Tuesday, February 23, 2010

Pottery #18 - Whitewash


Here are some pieces from my ceramics collection featuring white glazes:

Potter 1: Matthew Blakely

Blakely Artist Statement from 2001 when I purchased this vessel:

I endeavour to make pots that are beautiful visually and physically, and which are a pleasure to 
use. The pots are decorated simply with indentations or flowing lines made while the pot is still 
on the wheel, or with broad sweeps of slip, so that the form remains dominant. The qualities of 
porcelain are encouraged to find expression.

Porcelain is used for its whiteness and the quality it gives to the glazes. The glazes are in 
subtle tones and although applied relatively thickly, to give depth, they don't mask the clay. 
They enhance its character, capturing the gorgeous softness of a freshly thrown pot.

The decision to make functional pots stems from the belief that part of the beauty of an object 
lies in its use. All the pots are thrown on the wheel, hopefully imbuing the intimacy and 
immediacy of the process in the resultant uniqueness of each piece.

Matthew Blakely's Oil/Soy/Vinegar Pourers were judged the winner of the wheel thrown 
section at the Coffs Harbour City Art and Craft Award 2001.

Matthew Blakely, Oil/Soy/Vinegar Pourer,
wheel thrown porcelain (celadon glaze?)

Here are some photos of Matthew wheel throwing similar vessels: link.

Matthew's current Artist Statement:

I endeavour to make pots that are beautiful visually and physically, and that are a pleasure to 
use. Function is important to me because it influences the way a pot will be appreciated. I want 
my pots to be handled, felt and explored as well as being looked at. Often certain qualities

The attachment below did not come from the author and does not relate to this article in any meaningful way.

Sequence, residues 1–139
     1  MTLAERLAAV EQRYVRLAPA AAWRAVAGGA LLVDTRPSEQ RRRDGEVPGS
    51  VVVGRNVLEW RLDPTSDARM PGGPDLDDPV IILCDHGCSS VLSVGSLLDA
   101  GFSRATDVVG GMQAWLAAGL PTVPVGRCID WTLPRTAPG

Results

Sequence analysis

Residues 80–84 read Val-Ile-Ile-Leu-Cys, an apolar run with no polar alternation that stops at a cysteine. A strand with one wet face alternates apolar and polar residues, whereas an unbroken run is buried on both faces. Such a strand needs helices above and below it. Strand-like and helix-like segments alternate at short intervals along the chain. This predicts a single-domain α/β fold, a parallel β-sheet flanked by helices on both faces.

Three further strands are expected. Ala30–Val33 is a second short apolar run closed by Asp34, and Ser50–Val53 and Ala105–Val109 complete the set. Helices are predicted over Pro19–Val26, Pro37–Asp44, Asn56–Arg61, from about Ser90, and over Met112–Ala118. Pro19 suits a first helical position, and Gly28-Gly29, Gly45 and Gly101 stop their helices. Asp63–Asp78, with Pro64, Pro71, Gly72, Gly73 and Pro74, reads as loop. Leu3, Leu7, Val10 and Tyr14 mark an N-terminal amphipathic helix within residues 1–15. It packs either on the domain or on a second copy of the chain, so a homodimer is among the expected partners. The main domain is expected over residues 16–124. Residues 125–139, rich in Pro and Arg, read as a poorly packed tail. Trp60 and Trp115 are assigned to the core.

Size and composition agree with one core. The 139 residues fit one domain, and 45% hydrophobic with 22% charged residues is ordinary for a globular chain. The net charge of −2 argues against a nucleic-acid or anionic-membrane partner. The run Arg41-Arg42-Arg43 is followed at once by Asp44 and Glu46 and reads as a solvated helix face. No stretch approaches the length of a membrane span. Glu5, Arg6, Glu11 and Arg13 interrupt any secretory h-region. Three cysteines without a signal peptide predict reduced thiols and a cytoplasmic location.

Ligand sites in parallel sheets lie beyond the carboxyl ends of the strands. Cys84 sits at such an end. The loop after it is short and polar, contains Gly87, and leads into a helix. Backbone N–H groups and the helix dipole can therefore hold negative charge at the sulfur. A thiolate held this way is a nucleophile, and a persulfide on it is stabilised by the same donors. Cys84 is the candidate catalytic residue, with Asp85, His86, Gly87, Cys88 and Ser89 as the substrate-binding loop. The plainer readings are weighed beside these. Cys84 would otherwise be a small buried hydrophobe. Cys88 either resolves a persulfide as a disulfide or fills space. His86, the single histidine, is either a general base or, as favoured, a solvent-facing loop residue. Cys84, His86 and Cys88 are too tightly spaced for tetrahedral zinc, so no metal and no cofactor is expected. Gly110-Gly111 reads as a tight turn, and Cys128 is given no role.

present in the pot are quite subtle and will not be discovered easily or quickly.

I throw all my pots on the wheel, and try to encourage the energy and movement of the process 
and the softness and plasticity of the clay to show in the final piece. I create undulating rims 
and put throwing rings into the forms, which though thrown quite loosely have well controlled 
forms. The softness is within a certain structure. Often I distort the forms from the circular, 
sometimes cutting them and rejoining bases. This treatment, combined with the throwing 
marks, gives an added tension to the pieces.

I use porcelain for its smoothness, whiteness and translucency, its fired strength, and for the 
quality that it gives to the glazes. I have developed a range of clean, fresh glazes that 
compliment the porcelain. These are applied quite thickly to give richness and depth to the 
colour, and often move down the form, pooling on ridges, emphasizing the fluidity and softness 
of the forms.

I am exploring the interaction between form and glazes in the firing, particularly the point at 
which the glazes start to run off the pot. The resulting glassy rivulets, runs and drips of glaze 
make the pot seem like a moment in time - captured and frozen.

Potter 2: David Morrison Pike

David Morrison Pike -  Woodfired clay creamer, natural glaze

David Morrison Pike -  Woodfired clay, Kohiki glaze

Potter 3: Jim Bridgeman

Jim Bridgeman -  Raku fired lidded vessel, wheel thrown,
glazed with a white crackle raku glaze

Potter 4: Travis Kennedy

Travis Kennedy -  Woodfired Shino coated 'dirty' porcelain

Travis Kennedy -  Woodfired Shino coated 'dirty' porcelain

Bairei Kono
Boy with a snowball, 19th Cent.
27 x 27 cm, watercolour
Esa Jaske Collection

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